The next lines of script build error messages if the card number fails to meet certain basic criteria, specifically length, expiration, and whether the first digit is appropriate for the card type specified. The only thing worth noting here is the compound conditions for the first if statement.

if((Len(local.CardNum) LT 13) OR (Len(local.CardNum) GT 16)) local.errM = local.errM & "<li>Your credit card number must be between 13 and 16 characters long, and should only contain numbers.";
As with its elder brother the CFIF tag, if statements can check for multiple conditions (ranges of values, exclusion of ranges, or different strings).

Before the template evaluates the specifics of the number, it offers an opportunity to short-circuit if any of the earlier conditions uncovers an error. This prevents unnecessary processing of a card we won't accept anyway. To do this I simply wrap the remaining logic in an if statement.

First I perform some quick math and set a couple of defaults. These numbers will be used in the loop that follows.

local.lngth = Len(local.CardNum) - 1; tempCard = Left(local.CardNum,local.lngth); newNum = "";
The local.lngth is one less than the number of integers in the card, and tempCard is the card number stripped of the last digit. CFSCRIPT's variables are case insensitive, but minding case only helps build the coding discipline required in JSP or Java. Many developers prefer to employ more descriptive variables, but I've chosen to err on the side of brevity, due to the math I want to perform. For the same reason I've left the scope off tempCard, newNum, and Step1. In production I'd scope these variables to prevent possible problems.

The i=1; establishes the variable "i" as the index or incrementing variable. The second expression defines the condition under which the loop should continue (see Figure 3). In this case, as long as "i" is less than or equal to the value of local.lngth, the loop will process its contents. The last expression increments the variable. I need to step by two through the loop, thus I set "i" equal to itself plus 2. If I didn't want the step, I'd use the expression i=i+1. The CFLOOP equivalent of this for loop would be:

<CFLOOP from="1" to="#local.lngth#" step="2">
Since some credit cards are 16 digits while others are 15, I need two different operations with an if..else operation to direct each loop iteration. In the case of Visa, Discover, and MasterCard, I need to double the digit I'm currently viewing (specifically in the "i" position) and concatenate it with the next digit in line.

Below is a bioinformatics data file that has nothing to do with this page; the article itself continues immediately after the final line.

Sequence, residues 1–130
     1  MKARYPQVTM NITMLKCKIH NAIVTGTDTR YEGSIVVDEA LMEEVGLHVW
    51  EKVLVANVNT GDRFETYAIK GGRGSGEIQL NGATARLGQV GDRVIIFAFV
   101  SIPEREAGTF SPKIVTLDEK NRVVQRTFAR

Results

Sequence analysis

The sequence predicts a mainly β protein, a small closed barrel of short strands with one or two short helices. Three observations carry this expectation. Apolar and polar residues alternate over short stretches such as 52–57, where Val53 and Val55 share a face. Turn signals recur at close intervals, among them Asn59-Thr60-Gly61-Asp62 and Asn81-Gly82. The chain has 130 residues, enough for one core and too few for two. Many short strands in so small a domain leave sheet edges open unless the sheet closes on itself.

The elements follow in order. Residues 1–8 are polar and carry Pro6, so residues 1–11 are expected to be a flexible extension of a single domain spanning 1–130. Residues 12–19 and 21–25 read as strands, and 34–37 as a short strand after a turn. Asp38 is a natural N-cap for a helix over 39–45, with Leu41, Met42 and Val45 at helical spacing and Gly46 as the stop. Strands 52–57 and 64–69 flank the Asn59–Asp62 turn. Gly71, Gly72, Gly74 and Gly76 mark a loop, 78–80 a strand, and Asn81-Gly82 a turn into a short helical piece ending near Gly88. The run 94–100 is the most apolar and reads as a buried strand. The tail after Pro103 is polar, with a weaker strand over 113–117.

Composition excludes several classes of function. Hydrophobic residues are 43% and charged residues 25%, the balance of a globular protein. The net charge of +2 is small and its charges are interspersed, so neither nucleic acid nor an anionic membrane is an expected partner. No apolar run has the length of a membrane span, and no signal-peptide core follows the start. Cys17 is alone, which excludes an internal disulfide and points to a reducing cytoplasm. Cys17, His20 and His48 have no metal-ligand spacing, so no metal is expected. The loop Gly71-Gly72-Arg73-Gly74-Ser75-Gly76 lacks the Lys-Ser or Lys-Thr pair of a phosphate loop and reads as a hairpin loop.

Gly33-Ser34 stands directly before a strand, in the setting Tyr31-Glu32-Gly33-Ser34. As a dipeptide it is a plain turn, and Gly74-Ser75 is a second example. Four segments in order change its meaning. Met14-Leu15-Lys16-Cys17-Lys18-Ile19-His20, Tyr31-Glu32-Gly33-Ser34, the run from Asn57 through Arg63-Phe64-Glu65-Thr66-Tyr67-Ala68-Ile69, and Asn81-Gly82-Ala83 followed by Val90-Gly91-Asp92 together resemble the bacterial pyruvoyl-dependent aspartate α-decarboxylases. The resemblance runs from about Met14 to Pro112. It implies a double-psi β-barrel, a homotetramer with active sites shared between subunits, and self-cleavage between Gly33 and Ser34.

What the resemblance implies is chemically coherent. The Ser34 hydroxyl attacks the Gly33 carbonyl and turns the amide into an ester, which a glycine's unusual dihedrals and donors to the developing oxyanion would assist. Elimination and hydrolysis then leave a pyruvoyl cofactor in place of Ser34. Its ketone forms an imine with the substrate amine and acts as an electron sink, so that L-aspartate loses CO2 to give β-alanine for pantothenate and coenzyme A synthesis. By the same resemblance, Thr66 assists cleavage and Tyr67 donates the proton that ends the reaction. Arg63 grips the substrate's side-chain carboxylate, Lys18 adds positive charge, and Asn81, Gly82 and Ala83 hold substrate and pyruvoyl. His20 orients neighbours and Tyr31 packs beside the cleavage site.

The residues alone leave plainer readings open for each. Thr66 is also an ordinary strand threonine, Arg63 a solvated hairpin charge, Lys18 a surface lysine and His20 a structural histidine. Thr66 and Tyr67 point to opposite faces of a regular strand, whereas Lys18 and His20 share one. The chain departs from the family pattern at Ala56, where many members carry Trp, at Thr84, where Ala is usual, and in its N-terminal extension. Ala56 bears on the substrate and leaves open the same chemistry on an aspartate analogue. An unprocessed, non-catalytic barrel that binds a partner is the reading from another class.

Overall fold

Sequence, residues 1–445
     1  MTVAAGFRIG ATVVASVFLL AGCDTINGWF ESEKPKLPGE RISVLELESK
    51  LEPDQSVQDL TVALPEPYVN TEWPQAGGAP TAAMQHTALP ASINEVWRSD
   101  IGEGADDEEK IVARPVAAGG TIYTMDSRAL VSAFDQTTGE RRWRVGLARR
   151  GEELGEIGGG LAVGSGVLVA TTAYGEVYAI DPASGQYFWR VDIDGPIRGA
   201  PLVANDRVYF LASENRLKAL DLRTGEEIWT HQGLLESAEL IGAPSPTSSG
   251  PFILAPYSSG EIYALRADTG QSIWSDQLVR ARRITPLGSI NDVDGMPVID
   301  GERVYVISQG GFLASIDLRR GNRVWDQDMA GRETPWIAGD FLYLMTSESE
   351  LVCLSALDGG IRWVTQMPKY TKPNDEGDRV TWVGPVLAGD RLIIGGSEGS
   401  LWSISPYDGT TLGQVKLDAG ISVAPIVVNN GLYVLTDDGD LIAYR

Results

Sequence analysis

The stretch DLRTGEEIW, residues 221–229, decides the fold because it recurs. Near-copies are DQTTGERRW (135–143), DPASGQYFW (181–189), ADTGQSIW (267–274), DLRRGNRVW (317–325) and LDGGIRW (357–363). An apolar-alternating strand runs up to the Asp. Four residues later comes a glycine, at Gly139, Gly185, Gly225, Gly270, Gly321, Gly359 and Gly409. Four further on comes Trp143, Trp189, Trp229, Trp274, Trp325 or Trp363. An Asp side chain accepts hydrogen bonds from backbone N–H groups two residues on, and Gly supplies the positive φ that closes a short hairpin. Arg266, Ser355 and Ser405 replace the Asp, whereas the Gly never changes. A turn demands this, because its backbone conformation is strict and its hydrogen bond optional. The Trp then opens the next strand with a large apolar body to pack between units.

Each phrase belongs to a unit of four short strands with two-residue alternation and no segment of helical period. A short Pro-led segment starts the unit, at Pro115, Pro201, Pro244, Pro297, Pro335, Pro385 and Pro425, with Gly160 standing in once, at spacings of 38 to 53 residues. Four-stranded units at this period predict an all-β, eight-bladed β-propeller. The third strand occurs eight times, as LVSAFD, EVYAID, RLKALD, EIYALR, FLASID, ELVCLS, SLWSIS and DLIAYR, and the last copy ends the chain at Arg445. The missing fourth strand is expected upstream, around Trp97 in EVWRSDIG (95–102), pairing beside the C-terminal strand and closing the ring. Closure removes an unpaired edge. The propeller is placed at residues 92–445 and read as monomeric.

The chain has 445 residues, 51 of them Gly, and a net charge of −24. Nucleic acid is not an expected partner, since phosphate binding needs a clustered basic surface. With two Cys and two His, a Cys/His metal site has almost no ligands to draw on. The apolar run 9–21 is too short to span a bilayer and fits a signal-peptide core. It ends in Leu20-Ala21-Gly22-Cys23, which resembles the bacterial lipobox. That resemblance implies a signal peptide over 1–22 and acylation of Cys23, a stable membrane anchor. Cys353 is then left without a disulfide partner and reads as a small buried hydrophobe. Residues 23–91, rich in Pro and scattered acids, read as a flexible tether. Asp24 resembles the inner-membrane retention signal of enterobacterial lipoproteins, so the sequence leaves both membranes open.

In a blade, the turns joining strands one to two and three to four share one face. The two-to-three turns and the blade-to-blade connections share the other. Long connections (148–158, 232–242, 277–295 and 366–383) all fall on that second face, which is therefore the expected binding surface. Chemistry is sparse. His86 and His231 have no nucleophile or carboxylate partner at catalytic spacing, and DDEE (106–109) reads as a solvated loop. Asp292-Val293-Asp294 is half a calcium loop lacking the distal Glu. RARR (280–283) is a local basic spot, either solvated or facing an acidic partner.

newNum = newNum & (2 * Mid(tempCard,i,1)) & (Mid(tempCard,nextNum,1));
For the American Express card the next digit in line must be doubled and concatenated to the first digit:
newNum = newNum & Mid(tempCard,i,1) & (2 * Mid(tempCard,nextNum,1));

Once I've built the new number I must sum all of its digits. For this a simple for loop can iterate through each number and add it to a variable I'll call sumNum:

for(j=1; j LTE Len(newNum); j=j+1) sumNum = sumNum + Int(Mid(newNum,j,1));
Given the simplicity of the operation, I've left the braces out of this for loop. If you perform more than one operation, however, you'll need braces (just as with if..else statements).

The final step compares the last digit of the credit card against the difference of the right-most digit of sumNum from 10. If it's not a match, I create an error message to display in the content.

In a real application this template would allow the client an opportunity to correct a mistaken entry before sending the card to a financial institution for verification. This template doesn't guarantee that the card submitted is valid, but that it conforms to industry standards. Performing such checks before interacting with third-party agents not only en-hances server performance (by preventing HTTP interaction for an event that was bound to fail), it also improves your chances of completing the transaction by providing the client with an opportunity to immediately correct a mistake. For best results this should be combined with a similar routine in JavaScript, providing instant feedback (if the client has JavaScript turned on) when the client has made a faulty entry.

This same application logic in traditional ColdFusion tags occupies more than twice the number of lines as its CFSCRIPT counterpart and is more difficult to read. By translating the functionality into CFSCRIPT I've made the business logic more transparent, transportable, and refined. Indeed, when I translated this logic, I uncovered several unnecessary redundancies and found a better progression for the logic simply because the operations were unencumbered by tags.

For those ColdFusion developers without scripting experience, I'd highly recommend some experimentation with CFSCRIPT in your next application. As a rule of thumb, anytime more than three consecutive CFSETs lie in a row, you'll benefit from moving them into a CFSCRIPT block. Start slow, making simple assignments in your templates. Next, for giggles, move a loop into CFSCRIPT. Finally, go back to some old business logic module and translate it into CFSCRIPT. Not only will your code be improved, you'll have gained invaluable experience in an important language family: scripting.

Resources

More Stories By Christopher Graves

Christopher Graves is president of RapidCF, a ColdFusion development
shop in Connecticut. In his prior "life" he was a Marine Corps
officer and graduate of the U.S. Naval Academy.